One of the most consistent pieces of advice given to managers is an incredibly simple one. Provide good, frequent, feedback. It helps make sure a worker is constantly improving, feels cared about, and doesn’t feel disconnected. Yet insufficient or bad feedback is a common complaint of employees, often rated as one of the biggest reasons they’re unhappy, that’s not related to pay or promotion.
Gallup’s years long survey on the American workplace finds that 70% of US employees aren’t engaged at work. Nearly half of the questions asked of employees relate to the quality, clarity and frequency of feedback. People clearly find their employers wanting.
A majority of people who plan to leave (pdf) their current job around the world cite ineffective or infrequent communication as part of the reason.
And a global survey of workers by consultancy Towers Watson found that employees define good leadership at their company by the quality of feedback and communication. They described insufficient feedback as one of their major sources of stress.
So what’s the answer?
Google’s Project Oxygen study, an attempt to quantify good management at the company, produced a set of eight key management behaviors that seemed almost too obvious. But when they were ranked by importance (using the same data-driven analytics Google applies to everything), the most important thing for managers wasn’t having the awe inspiring technical skills the company traditionally obsesses about. It was “being a good coach.”
In other words, it really matters to employees that their managers demonstrate interest in their lives, successes, and career trajectories.
On the flip side, surprise critical reviews, only hearing when something’s gone wrong, or a complete absence of information all contribute to a miserable work life. Uncertainty is one of the biggest drains on productivity (paywall). So why are so many workers complaining about a lack of feedback?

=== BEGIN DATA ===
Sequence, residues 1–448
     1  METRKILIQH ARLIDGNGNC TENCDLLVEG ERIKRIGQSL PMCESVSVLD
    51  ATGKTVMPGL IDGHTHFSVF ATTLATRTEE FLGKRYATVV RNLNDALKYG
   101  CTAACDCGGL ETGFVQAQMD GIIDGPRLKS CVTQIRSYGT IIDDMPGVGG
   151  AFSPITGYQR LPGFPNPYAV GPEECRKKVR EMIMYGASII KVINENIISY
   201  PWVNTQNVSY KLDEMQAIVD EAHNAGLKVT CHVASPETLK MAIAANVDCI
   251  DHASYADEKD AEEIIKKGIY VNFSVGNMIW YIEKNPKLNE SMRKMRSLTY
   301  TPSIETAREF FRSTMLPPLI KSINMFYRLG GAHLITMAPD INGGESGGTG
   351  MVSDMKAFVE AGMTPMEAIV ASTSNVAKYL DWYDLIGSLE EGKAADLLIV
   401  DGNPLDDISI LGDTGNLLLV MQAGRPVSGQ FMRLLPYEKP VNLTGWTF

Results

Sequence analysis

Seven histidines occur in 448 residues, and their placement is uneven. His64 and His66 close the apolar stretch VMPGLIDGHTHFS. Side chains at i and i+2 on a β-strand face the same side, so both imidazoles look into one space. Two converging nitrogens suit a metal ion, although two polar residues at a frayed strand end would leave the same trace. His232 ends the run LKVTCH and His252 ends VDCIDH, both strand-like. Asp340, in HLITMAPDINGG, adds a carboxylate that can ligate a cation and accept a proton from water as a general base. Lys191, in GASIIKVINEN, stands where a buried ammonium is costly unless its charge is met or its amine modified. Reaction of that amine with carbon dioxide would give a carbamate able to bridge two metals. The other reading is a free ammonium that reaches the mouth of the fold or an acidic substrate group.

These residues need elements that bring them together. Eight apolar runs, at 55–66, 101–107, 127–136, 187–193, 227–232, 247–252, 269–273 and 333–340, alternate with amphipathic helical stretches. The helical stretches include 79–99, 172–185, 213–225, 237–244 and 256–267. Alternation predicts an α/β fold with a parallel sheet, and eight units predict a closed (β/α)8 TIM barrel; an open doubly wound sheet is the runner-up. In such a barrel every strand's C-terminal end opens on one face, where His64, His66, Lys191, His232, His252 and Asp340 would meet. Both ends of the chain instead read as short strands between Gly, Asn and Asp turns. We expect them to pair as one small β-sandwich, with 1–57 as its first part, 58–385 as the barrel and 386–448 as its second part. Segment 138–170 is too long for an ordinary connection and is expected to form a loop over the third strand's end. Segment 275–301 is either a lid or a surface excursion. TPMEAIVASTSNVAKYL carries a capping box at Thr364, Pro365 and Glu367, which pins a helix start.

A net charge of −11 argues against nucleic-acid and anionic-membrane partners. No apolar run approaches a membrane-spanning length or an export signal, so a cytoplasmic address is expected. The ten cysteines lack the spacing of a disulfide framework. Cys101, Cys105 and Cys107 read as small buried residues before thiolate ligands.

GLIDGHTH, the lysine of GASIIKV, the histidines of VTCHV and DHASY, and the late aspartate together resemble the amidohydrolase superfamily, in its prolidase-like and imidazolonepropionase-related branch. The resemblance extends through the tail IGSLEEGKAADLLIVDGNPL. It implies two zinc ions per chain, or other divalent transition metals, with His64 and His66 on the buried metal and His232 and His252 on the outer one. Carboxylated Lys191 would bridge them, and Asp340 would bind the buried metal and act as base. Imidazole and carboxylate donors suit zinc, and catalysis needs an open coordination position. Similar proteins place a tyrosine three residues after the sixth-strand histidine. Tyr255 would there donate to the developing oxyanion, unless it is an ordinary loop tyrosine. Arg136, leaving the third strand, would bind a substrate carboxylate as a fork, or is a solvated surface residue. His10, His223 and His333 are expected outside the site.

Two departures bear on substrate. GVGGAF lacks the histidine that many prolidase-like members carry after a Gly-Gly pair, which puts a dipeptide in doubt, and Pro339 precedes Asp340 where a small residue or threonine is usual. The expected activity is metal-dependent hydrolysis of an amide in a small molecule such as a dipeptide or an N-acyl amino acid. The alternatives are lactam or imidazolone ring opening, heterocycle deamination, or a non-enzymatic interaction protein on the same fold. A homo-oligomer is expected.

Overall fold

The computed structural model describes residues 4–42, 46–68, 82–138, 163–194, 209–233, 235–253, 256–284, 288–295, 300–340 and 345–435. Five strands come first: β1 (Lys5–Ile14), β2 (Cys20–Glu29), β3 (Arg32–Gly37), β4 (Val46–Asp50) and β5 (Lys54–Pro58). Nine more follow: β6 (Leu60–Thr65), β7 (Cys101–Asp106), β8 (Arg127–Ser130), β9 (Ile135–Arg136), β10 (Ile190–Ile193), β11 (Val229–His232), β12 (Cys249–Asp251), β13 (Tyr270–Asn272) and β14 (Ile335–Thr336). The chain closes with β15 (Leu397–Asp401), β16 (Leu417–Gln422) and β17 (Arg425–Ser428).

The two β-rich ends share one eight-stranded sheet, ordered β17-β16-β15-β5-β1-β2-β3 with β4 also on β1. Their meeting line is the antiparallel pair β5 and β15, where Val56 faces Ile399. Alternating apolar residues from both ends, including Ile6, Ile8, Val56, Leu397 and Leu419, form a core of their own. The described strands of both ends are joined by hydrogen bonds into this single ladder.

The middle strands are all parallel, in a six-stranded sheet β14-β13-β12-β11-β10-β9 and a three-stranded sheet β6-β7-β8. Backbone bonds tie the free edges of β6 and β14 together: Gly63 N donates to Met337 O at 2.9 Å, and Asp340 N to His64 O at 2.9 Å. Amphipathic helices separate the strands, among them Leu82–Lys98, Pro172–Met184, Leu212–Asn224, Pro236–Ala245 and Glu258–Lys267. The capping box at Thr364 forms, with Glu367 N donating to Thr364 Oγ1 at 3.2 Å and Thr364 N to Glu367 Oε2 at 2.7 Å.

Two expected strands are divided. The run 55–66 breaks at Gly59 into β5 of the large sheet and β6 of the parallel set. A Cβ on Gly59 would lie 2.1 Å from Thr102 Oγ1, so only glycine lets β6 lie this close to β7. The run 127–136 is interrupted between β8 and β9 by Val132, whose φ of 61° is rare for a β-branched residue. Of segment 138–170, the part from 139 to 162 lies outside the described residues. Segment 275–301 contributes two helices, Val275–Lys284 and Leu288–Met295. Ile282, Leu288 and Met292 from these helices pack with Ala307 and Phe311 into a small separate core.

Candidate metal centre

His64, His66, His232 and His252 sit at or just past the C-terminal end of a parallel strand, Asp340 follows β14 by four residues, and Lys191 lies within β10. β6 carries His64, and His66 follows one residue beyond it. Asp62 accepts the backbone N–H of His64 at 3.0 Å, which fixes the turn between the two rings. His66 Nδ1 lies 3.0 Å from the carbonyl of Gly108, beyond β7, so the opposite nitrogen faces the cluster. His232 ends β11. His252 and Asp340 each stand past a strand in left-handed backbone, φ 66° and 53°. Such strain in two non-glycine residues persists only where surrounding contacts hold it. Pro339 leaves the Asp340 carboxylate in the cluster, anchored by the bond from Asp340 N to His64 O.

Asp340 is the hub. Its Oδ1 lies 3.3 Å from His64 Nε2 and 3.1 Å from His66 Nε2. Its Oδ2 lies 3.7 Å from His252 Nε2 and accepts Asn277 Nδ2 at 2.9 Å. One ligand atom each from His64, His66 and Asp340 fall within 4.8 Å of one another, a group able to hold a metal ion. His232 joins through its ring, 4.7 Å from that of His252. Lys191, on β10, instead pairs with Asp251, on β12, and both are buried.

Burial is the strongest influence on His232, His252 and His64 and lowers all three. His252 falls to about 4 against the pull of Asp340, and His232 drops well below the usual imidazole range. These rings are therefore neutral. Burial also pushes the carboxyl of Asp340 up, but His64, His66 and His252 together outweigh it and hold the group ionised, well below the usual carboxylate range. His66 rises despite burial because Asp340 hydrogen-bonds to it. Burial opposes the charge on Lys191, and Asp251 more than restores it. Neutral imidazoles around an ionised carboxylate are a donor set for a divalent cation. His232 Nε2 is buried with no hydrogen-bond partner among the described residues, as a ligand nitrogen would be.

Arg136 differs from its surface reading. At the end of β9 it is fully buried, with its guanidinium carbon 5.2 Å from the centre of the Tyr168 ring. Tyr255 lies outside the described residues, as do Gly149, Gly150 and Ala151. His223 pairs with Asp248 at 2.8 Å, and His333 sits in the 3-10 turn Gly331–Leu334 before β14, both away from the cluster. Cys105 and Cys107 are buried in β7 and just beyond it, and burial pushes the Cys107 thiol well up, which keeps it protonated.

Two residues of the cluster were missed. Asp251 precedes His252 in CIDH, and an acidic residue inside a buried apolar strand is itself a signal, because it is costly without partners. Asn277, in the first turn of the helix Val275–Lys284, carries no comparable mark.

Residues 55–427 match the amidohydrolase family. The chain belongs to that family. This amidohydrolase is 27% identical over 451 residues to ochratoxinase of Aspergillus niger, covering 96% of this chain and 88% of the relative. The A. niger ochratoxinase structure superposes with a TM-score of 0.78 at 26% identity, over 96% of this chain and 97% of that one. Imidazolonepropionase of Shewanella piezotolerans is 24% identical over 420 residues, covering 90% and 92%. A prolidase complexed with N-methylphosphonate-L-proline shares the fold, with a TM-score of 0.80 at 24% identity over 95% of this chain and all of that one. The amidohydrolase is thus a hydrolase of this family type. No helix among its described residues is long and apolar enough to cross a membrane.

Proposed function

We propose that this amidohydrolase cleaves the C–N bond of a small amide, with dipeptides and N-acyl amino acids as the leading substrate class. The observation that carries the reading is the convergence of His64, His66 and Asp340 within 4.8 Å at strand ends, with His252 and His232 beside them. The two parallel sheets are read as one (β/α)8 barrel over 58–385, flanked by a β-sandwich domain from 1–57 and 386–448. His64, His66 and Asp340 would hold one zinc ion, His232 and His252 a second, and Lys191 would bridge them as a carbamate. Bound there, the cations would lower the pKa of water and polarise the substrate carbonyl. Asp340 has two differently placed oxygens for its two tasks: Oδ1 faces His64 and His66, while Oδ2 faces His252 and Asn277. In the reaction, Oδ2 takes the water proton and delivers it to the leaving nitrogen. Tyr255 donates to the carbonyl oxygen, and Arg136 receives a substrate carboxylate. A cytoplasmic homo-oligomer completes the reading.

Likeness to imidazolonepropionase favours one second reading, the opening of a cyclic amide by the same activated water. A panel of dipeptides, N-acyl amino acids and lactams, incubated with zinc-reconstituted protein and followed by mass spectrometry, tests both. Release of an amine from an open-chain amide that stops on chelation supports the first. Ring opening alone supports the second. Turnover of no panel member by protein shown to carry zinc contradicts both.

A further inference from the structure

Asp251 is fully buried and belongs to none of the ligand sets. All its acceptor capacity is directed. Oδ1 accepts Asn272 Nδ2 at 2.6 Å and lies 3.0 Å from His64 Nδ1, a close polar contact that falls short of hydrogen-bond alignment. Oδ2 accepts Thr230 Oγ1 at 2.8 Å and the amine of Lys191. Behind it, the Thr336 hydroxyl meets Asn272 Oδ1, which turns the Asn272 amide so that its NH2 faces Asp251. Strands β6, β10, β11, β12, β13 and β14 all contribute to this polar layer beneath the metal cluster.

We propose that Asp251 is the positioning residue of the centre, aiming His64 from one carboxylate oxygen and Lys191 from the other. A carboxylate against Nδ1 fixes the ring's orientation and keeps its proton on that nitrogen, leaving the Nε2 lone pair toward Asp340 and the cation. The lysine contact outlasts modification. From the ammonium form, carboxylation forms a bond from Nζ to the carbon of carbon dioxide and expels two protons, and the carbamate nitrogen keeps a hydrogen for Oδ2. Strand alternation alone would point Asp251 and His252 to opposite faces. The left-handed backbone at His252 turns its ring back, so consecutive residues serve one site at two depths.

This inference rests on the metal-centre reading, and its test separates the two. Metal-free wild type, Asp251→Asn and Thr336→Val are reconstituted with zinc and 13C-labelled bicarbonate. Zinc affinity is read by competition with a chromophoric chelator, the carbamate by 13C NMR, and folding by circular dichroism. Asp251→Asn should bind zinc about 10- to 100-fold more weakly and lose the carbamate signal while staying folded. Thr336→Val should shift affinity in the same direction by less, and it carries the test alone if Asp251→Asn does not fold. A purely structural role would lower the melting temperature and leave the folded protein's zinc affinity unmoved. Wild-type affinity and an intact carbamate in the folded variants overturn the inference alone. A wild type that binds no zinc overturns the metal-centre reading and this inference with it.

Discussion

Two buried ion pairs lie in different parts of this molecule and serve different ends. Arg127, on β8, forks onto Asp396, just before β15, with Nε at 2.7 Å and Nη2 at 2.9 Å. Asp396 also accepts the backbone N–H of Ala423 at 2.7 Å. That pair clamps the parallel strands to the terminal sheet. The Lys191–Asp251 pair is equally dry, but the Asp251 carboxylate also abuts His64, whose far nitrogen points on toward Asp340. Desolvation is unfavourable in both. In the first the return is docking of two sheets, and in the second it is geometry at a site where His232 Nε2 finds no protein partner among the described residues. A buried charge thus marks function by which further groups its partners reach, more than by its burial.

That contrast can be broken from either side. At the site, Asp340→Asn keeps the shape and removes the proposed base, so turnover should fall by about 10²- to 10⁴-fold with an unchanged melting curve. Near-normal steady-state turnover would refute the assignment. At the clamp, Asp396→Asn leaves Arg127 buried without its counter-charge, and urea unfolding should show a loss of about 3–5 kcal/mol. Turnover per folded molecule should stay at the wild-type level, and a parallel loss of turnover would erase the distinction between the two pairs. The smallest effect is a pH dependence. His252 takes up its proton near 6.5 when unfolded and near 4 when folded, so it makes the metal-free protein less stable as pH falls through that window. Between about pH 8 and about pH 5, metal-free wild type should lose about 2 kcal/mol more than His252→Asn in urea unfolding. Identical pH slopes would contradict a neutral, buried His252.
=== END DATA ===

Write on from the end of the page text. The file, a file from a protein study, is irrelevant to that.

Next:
The primary culprit is the annual or semi-annual review, widely reviled yet surprisingly common.
Because they’re seen as important and tied to compensation, they take on an added pressure, making managers feel like that’s the one time that they really need to give feedback. And they’re used as tacit permission to leave things that really matter for that once-a-year meet up.
The often mountainous array of paperwork that comes with the reviews helps eat up time, and contributes to that behavior. Employees also discount other feedback because it’s not the one that really matters.
88% of companies have a formal annual or semi-annual review.
It’s often a rigid process, focused on turning people into numbers on a checklist instead of helping them be better at their job. People need praise more often than once or twice a year. And waiting until a high pressure moment to give negative feedback is a sure way to make someone take it personally, rendering it ineffective. If you wait a half a year to correct someone’s course, you’ve just wasted a big chunk of it.
What is particularly onerous is when stack and forced ranking comes into play. That technique forces managers to further skew ratings to fit a curve, and makes meetings more fraught and agitated, by making people scared for their jobs.
So what’s the right way to do it?
Organizations need to make it clear in the way they discuss, train, and reward managers that their job isn’t just to rate and corral people, but to take an active interest in making them better.
And they need to understand that good feedback isn’t easy. Research has repeatedly shown that people can respond poorly to negative feedback, even if it’s meant well. Some require more encouragement (pdf) than others. And this isn’t to advocate for micromanaging–going overboard with feedback ends up being irritating and distracting. There’s a happy medium that works for each individual.
But the best part about more frequent feedback is that each meeting isn’t make or break, so it feels less personal. Instead of employees abruptly switching gears to pursue new goals, or changing in a panic, it becomes a process, with support.
It’s certainly more work for a manager. But what else are they there for?